As we gain power in workplaces we can aim to hold ourselves and others accountable for keeping hours where we can disconnect without the risk of losing financial, social, or professional resources or gain.  I believe that taking care of oneself is extremely important because, after all, we matter.  Just like those we work with, we deserve love, care, and appreciation, and so often we already are doing enough just by being.  Although I hope to continue to finesse my own self-care practices, I also hope that as we move forward we began to recreate a culture in which we can place the value of compassion at the forefront of our lives, including our work, so that self-care does not only have to come in small moments in between working, but that work and self-care can be integrated to create a balanced life.

Brittany Sievers is a doctoral student in the Counseling Psychology program at Southern Illinois University Carbondale.

To download the PDF version of this document, click here: Reclaiming and Redefining Self Care Culture

Journey of Finding Integrity in Oneself

I have been doubtful in my purposes in my journey of achieving a doctoral degree when I experienced so many adversities: the first time I was treated unequally because of my race and country of origin; the first time spending all days and nights in reading but can barely complete assignments; the first time worrying about graduation and money income as a 28-year-old woman without meeting the expectations of parents: getting married or having a stable job; and the first time struggling so deeply with my own belief but expelled from the fellowship group because I was considered so sinful. I have never met a life period that I come across such intense frustration, discrimination and sadness. I wanted to shout at those who picked on my race and nationality, but I also had to remind myself I don’t treat people in the way they treated me and become someone I hate so much. I wanted to isolate and escape from my work and from the environment filled with racism, sexism, xenophobia, and ignorant hatred; but there were so many uncontrollable things keep me moving forward and outside to get in touch with others.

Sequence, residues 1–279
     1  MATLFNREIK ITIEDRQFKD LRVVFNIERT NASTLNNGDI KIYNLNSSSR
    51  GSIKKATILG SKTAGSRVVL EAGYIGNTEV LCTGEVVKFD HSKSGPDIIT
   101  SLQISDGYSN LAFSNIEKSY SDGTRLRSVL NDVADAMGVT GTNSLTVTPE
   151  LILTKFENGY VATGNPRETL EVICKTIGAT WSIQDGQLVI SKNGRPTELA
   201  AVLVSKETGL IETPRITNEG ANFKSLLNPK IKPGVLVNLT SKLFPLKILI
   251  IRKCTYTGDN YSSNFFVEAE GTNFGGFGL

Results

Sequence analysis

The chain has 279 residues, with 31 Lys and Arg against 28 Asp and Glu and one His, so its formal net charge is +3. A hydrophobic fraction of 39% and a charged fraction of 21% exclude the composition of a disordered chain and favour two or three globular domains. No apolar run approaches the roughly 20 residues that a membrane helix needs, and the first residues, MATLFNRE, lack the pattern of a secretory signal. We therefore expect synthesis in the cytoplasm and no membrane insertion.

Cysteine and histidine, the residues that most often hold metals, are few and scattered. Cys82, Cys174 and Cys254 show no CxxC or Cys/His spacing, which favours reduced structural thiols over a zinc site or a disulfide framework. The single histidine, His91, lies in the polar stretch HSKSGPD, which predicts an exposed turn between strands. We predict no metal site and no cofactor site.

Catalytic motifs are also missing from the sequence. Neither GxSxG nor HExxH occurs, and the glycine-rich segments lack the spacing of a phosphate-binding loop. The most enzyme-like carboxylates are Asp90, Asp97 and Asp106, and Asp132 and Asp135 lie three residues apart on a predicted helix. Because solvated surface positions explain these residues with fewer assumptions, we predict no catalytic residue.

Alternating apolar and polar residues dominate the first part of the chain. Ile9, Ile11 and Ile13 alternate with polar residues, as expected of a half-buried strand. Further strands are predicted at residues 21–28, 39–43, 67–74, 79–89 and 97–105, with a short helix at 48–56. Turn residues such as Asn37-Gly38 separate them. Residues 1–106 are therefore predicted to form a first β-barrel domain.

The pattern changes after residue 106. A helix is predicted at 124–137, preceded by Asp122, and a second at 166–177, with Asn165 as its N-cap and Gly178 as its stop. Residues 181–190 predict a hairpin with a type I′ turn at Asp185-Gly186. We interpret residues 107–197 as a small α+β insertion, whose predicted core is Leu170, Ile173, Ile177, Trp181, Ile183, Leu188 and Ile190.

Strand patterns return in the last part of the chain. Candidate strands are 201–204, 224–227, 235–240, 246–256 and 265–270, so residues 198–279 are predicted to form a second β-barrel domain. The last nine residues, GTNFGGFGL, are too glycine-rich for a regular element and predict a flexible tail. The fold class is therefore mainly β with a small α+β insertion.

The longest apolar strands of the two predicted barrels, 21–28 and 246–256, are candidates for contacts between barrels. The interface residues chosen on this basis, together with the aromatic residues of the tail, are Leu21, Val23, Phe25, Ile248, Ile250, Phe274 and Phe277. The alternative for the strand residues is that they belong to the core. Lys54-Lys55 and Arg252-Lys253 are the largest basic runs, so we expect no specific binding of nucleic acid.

During the days I internalized voices of doubt and shame, during the days I am confused with what I learned about therapy and intervention, something turned into my conscious awareness and knowledge that I would not pay attention to in the past. Until one day, my advisor looked at me and said, I am sorry that you are in such deep pain, but maybe it will make you a better therapist; until one day, my another advisor who is teaching our practicum said, isn’t pain the best gift of a relationship so that we know we had cared a person so much; until one day, I took a class on health disparity and inequity and truly understood some of the concepts and wished to do something about it. It is such an exciting and enlightening moment and I finally found my research interest in cultural and diversity issues, which took years, besides the fact that this area could be my lifetime career goal! I realized maybe there is a reason why I moved to deep south and experienced microaggressions; and until one day I looked back on my early years in the doctoral program and found the connection between my passion and endeavor on training and supervision and the negative experiences I had in supervision. I found myself being more understanding to marginalized populations as a minority, more insightful and thoughtful of American cultures as an international student, and more respectful and grateful to my own culture as a Chinese. I know I wouldn’t have gained these great qualities if I have not experienced these struggles at this life time. If I have not had deep struggles in my belief, I wouldn’t have known the truth in my Believer or how strong my faith could be. There are reasons leading me to this journey. I would not have met so many people that meant so much in my life, being my teachers, mentors, friends and colleagues. Sometimes it is easy to get lost when I was embedded in an emotional moment and hard to think beyond five days or a semester.